Kirk Bevins first appeared on Countdown back in 2004, but failed to win as much as a teapot, as he came up against Richard Pay, who was on his way to becoming an octochamp. Because he was just seventeen at the time, and because he had improved his game substantially in the intervening period, Kirk was allowed to return to the Leeds studios at the beginning of 2009 for another go. And, as they say, the rest is history... His preliminary run produced seven century scores, including a record-breaking debut score of 127, the legendary 'perfect game' with a total of 126, and a fantastic highest score of 130. This was enough to make him the number one seed, with an eight-game total of 925, surpassing the record held by Julian Fell since 2002 by a point. When he returned for the finals, the 'Kirkulator' (as he is known to his friends) knocked out number eight seed Julie Russell before going on to meet number four seed Neil Zussman, in what was to prove to be a classic Countdown encounter. The scores were tied for much of the game, and it took an outstanding conundrum spot from Kirk to seal his place in the grand final. The shocked look on his face said it all - but had he left enough energy in reserve for his game against number three seed Jimmy Gough? Seemingly, yes, as he soon pulled out a substantial lead over the young man from Eastbourne and was leading by 29 points by the start of Part Three. Kirk didn't manage to get the last numbers game spot-on, leaving Jeff to take the honours (or as Mr Stelling himself put it, "as they say, even the blind squirrel occasionally finds a nut."), and the conundrum was probably the hardest one ever, and left both players perplexed, but he still managed to score his eighth century in 10 matches and seal his place in the Countdown Hall of Fame. This, then, is the young man from York's story in his own words...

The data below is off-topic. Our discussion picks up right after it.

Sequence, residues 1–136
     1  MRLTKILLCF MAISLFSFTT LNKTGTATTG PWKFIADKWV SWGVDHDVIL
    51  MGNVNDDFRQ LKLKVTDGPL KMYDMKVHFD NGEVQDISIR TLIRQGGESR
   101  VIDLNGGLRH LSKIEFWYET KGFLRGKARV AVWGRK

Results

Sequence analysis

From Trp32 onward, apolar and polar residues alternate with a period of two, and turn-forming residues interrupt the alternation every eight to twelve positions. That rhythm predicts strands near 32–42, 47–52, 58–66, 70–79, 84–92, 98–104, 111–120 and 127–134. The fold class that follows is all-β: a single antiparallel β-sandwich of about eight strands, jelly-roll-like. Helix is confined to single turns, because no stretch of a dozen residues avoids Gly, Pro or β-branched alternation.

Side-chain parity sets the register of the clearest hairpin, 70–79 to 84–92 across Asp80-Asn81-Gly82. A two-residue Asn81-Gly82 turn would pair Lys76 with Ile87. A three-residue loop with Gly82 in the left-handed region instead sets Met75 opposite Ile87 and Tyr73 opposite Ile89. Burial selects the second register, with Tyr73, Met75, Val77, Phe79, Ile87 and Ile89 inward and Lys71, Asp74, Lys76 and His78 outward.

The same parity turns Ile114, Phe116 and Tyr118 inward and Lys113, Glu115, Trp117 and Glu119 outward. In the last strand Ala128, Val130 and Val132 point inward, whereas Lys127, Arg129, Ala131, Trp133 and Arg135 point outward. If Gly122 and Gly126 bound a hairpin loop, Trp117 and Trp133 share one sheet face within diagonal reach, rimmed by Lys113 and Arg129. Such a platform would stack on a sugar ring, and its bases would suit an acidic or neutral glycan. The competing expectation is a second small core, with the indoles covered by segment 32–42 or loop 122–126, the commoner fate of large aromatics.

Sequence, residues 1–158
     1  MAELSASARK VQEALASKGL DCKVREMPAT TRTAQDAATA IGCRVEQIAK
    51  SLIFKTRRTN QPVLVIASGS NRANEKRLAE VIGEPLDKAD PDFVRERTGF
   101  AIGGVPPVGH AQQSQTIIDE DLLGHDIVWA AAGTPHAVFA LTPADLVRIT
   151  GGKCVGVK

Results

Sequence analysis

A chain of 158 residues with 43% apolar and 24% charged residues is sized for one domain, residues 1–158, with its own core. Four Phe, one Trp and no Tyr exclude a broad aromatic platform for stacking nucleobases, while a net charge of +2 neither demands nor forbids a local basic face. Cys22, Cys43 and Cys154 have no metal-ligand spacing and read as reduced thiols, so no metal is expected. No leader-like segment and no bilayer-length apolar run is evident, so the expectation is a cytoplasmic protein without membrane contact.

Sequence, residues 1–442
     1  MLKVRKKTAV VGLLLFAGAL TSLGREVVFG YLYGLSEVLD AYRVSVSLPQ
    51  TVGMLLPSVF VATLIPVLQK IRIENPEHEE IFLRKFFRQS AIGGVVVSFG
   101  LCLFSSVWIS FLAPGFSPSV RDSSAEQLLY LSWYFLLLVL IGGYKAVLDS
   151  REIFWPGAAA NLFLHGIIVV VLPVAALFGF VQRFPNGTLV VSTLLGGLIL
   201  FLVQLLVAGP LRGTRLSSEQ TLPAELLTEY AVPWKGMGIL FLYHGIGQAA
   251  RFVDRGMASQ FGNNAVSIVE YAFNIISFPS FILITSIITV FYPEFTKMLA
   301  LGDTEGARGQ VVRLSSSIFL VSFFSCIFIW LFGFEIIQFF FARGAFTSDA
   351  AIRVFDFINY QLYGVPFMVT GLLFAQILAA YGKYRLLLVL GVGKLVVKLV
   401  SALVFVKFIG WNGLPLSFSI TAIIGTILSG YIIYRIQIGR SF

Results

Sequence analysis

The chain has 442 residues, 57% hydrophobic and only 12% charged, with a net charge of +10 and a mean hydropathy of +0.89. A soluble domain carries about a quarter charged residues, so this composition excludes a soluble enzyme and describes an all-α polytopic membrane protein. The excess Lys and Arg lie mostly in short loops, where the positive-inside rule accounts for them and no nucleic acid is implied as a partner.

I first went on Countdown back in February 2004. Aged just 17 and full of nerves I faced Richard Pay. I lost and he went on to become an octochamp but was beaten in the semi-final by the series champion Stewart Holden. After my loss on the show I took Countdown more seriously. I thought I could get good at the game by practising and so I used all methods available to me at the time – various online games, the handheld game and I found a Countdown forum. I heard that they were holding some real life tournaments called COLIN and COBRIS where twice a year Countdown fans would meet up and have a tournament. I took part in most of these over the coming years playing against the top players every year. I still haven't won one of these but I've come so close and beating series champions with obscure words like VANESSID and TOWAIS is a nice feeling. What hit me though was another nice word I had, HAVELIS, which I thought would be a winner against Paul Howe but he hit me with the lovely 8, SHRIEVAL. I thought if I had any chance of winning these tournaments then I'd have to be utterly relentless, hitting maximums and memorising obscurities like SHRIEVAL.
Then, in the middle of 2008, along came Apterous. Apterous is a website designed by Series 59 finalist Charlie Reams where you can play the game of Countdown all day if you want, either against the computer or against human opponents. The beauty of Apterous is that it uses the same dictionary as the show and Dictionary Corner tell you all words of maximum length you miss to help you memorise them. A few hundred games later and SATORI, SCOTIA and AXONEME become the norm. It was around this time I kept detailed statistics against the contestants on the show, recording my scores against both champion and challenger and writing the words down in a book. With the help of a friend, Simon Myers, he created a spreadsheet to put this data in which gave me loads of statistics such as every possible octochamp run, highest octochamp total, average number of maximums per game etc.